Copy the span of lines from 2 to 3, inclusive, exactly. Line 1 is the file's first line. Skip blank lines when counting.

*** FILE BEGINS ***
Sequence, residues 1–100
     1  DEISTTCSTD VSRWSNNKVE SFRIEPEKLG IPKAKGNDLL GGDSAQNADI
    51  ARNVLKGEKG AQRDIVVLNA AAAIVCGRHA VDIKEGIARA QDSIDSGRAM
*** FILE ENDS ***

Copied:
     1  DEISTTCSTD VSRWSNNKVE SFRIEPEKLG IPKAKGNDLL GGDSAQNADI
    51  ARNVLKGEKG AQRDIVVLNA AAAIVCGRHA VDIKEGIARA QDSIDSGRAM